If you are so smart, why aren’t you rich? MITI version

If you are so smart, why aren’t you rich? This is the American question – asked of MIT’s Paul Cootner by a money market manager in the 1960s.

Why do investment advisors sell and often give away their sage advice? If their insights were any good, they could trade on the share market before others caught on and make a killing!

Deirdre McCloskey wrote a book about the limits of economic expertise. For a summary, see http://www.deirdremccloskey.com/docs/pdf/Article_168.pdf.

I will give a personal example based on the skills of bureaucracies in picking winners. The test of my hypothesis is based on the transferability of human capital across jobs.

My graduate school professors in Japan included many retired bureaucrats from the Ministry of Finance and MITI. These agencies were heralded by Joe Stiglitz and others for picking winners and guiding Japanese companies to choose the right technologies and what to export.

The skills that my graduate school professors learned at picking winners over their careers with the Ministry of Finance and MITI in the high-growth years in the 1970s would now be available to them in their retirements to trade on their own account.

My graduate school professors should quickly become very rich after retiring because of the skills they learned in picking winners while at the Ministry of Finance and MITI, which should cross over into their private share portfolios. The rich lists world-wide should be full of retired industry and finance ministry bureaucrats.

Instead, my graduate school professors took the train and bus to work and their families lived off their salaries in standard sized Japanese government apartments. All looked forward to their annual bonus of 5.15 months salary.

If governments are any good at picking winners, people should be willing to pay big time to get jobs at ministries of finance and ministries of international trade and industry to get access to their unique and highly secret skills they learn therein on how to pick winners. I am still waiting for that tell-all book by an insider on these skills. Why is there no Picking Winners for Dummies on Amazon kindle as yet?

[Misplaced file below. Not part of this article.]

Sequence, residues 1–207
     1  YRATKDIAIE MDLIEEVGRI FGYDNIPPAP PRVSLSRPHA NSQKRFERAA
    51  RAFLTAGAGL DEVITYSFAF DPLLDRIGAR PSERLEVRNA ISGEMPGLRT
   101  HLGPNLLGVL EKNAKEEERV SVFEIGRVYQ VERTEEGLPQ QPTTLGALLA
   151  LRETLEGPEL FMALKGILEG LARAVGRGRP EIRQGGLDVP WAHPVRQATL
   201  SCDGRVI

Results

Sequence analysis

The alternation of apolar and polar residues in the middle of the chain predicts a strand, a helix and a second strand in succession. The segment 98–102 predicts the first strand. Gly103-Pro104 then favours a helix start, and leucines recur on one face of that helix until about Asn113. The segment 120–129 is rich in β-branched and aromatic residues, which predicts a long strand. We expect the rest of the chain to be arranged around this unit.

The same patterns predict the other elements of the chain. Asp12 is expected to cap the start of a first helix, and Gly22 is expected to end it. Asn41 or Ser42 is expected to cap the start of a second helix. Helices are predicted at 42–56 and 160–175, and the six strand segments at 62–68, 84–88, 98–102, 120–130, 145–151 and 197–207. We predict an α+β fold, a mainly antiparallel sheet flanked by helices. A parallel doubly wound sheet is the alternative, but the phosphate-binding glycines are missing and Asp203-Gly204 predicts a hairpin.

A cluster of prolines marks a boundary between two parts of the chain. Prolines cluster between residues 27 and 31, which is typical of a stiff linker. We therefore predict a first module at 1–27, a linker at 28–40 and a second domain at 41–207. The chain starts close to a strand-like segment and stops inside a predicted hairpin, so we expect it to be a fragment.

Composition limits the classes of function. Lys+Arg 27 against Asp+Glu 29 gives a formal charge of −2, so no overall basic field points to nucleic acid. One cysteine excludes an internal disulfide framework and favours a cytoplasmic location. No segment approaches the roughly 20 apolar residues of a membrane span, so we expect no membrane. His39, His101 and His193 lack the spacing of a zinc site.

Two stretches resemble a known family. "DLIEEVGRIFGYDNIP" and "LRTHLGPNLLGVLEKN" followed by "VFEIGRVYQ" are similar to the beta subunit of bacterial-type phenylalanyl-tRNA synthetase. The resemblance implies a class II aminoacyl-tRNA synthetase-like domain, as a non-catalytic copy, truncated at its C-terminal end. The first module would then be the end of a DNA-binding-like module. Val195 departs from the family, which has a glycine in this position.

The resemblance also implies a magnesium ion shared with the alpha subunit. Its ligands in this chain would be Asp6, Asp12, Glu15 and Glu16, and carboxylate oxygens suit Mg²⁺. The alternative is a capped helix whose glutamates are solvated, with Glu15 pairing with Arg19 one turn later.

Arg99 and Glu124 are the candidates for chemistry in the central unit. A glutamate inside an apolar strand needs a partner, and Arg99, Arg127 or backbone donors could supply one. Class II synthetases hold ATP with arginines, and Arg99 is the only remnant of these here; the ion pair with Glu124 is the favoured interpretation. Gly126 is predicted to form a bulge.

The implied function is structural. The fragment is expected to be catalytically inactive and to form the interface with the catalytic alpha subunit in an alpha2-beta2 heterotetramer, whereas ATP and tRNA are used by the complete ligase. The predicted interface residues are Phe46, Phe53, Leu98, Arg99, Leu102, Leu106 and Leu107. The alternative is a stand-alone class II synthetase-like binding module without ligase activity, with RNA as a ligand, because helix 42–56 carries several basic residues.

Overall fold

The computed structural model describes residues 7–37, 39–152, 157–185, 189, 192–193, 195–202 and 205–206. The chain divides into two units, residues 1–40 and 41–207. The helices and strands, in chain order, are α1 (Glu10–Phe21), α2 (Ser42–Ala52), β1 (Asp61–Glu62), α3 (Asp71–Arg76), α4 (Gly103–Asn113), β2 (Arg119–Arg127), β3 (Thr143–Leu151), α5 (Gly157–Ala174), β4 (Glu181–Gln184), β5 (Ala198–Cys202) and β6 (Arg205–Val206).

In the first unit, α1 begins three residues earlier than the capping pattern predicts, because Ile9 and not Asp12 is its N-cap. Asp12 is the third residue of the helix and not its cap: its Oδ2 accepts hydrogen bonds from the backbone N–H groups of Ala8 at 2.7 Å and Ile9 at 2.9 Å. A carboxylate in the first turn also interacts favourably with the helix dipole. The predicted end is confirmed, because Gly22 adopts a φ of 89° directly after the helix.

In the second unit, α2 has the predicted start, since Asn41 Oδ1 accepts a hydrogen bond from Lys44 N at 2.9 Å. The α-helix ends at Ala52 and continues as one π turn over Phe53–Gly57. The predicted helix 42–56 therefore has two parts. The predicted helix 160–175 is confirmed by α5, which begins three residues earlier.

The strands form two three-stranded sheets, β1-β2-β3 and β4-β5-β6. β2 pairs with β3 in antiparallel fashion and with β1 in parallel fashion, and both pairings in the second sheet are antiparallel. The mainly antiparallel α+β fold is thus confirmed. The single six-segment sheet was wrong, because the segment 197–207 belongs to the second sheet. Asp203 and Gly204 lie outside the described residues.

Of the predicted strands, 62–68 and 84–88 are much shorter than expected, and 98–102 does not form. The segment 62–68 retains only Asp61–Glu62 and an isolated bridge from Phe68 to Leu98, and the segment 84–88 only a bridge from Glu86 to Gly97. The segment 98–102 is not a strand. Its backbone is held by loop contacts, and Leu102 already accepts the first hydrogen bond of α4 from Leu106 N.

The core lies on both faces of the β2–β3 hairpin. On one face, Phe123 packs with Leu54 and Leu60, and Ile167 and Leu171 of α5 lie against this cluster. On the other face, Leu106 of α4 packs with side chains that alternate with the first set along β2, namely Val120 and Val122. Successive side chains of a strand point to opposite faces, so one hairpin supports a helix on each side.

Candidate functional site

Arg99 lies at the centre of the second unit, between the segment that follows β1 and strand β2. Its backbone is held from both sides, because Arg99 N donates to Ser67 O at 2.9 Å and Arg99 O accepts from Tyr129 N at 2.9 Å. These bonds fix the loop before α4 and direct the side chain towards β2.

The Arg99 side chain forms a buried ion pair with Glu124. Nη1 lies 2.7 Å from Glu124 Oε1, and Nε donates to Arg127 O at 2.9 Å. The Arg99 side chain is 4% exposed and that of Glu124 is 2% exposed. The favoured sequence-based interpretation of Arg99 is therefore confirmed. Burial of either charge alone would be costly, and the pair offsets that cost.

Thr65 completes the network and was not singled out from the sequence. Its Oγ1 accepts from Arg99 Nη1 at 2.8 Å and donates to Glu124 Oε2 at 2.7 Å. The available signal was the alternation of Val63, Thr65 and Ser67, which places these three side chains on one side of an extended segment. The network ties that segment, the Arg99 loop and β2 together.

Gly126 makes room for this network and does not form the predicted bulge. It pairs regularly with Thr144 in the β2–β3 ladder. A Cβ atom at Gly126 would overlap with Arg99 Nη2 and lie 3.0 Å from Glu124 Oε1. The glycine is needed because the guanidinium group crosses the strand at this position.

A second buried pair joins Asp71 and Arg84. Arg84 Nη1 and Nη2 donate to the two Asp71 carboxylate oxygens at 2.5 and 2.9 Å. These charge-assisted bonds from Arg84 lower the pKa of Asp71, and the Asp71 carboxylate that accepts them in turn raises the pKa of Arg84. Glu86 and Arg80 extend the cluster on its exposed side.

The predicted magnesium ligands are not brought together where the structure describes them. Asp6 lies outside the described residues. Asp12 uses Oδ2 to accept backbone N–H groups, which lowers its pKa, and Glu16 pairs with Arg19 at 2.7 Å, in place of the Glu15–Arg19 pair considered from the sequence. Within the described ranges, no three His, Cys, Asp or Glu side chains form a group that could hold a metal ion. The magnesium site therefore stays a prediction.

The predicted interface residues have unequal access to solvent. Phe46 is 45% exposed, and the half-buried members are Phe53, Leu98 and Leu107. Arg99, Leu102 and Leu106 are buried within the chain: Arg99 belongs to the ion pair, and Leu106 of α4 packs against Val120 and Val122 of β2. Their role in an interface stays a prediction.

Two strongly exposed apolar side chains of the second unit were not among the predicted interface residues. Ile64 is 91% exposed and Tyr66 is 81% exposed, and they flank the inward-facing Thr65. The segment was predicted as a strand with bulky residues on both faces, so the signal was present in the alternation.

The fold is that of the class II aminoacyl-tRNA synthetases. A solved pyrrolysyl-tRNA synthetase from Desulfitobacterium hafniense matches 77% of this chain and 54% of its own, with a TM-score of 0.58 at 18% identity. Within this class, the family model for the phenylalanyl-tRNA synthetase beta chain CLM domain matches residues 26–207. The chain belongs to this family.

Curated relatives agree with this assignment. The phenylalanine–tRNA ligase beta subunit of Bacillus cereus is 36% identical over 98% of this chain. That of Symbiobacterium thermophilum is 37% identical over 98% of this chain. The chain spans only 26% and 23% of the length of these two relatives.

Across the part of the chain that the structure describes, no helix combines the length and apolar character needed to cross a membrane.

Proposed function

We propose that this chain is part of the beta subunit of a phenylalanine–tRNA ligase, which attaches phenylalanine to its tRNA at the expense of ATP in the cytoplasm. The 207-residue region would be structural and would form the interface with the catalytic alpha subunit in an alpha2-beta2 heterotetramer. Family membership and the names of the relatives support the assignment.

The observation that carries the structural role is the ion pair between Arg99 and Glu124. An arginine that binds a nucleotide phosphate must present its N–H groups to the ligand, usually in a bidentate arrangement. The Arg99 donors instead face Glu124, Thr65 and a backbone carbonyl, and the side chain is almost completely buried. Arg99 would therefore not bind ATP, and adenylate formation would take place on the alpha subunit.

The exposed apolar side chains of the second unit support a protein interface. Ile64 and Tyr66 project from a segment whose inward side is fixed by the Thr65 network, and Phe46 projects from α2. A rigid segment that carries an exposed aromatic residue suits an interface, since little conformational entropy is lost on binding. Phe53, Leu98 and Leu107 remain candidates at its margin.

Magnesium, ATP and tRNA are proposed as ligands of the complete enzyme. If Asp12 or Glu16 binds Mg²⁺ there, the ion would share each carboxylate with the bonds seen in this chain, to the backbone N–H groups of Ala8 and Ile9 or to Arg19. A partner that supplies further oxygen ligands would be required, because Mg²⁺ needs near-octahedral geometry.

P.S. McCloskey argued that the advising industry lives off 19th century case law on directors’ and trustees’ duties. If you take advice – from an accountant, a lawyer or an economist – and the business or investment still fails, it can’t be your fault. You took advice.

P.P.S. Cootner’s reply was “If you’re so rich, why aren’t you smart?” The answer to this was Wall Street investment brokers didn’t have to be smart to get rich; they can make money off fees and brokerage commissions even when their investment advice stank. Didn’t you watch The Wolf of Wall Street?

4 Comments (+add yours?)

  1. Paul Walker
    Mar 15, 2014 @ 05:44:30

    A discussion of the role of government in growth in East Asia is provided by Powell, B. “State Development Planning: Did It Create an East Asian Miracle.” Review of Austrian Economics 18, no. 3 (2005): 305–323 and its not supportive of the idea.



    • Jim Rose
      Mar 15, 2014 @ 12:20:46

      Thanks Paul, I am not sure that Ben contradicts me. I agree that the East Asian Miracle was based on capitalism.

      External threats, the dramatic break-ups of established interest groups, and low taxes were the enablers of market-led rapid development in Japan, Singapore, South Korea, Hong Kong SAR, and Taiwan. Post-war trade liberalisation and tariff cuts gave these countries much greater access to major export markets. This allowed export production to expand with few limits. Institutional reforms and imported new technologies increased employment and incomes through exporting. This allowed the losers from the economic changes to be compensated either directly or with new employment opportunities in the export industries (Parente and Prescott 1999, 2005; Olson 1982, 1984; Acemoglu and Robinson 2005).

      Mark Ramseyer in Ramseyer, J. Mark & Yoshiro Miwa. “Capitalist Politicians, Socialist Bureaucrats? Legends of Government Planning from Japan,” Antitrust Bulletin (2003) argued that MITI simply did not matter that much. Japanese voters did not want interventionist bureaucrats, and consistently rejected communist and socialist candidates that offered interventionist approaches. The voters chose a centrist, decidedly non-interventionist party. Reflecting these exigencies, the LDP seldom gave their bureaucrats the authority to alter market investment and production decisions and Japanese courts strictly restricted bureaucratic discretion. Japanese politicians and bureaucrats encouraged stories that disguised ordinary pork-barrel policies as growth-enhancing interventions.

      Ramseyer’s books on public choice and pre- and postwar Japanese politics are great and will be the subject of another post.

      David Weinstein in “Growth, Economies of Scale, and Targeting in Japan (1955-1990),” with Richard Beason. Review of Economics and Statistics 1996 argued that MITI and the government development banks, where I taught English, picked losers – gave support to low-growth industries.



  2. Jim Rose
    Oct 03, 2014 @ 14:00:06

    Reblogged this on Utopia – you are standing in it! and commented:

    corporate welfare is all the rage in NZ today.



  3. Trackback: Piled Higher And Deeper | The Arts Mechanical

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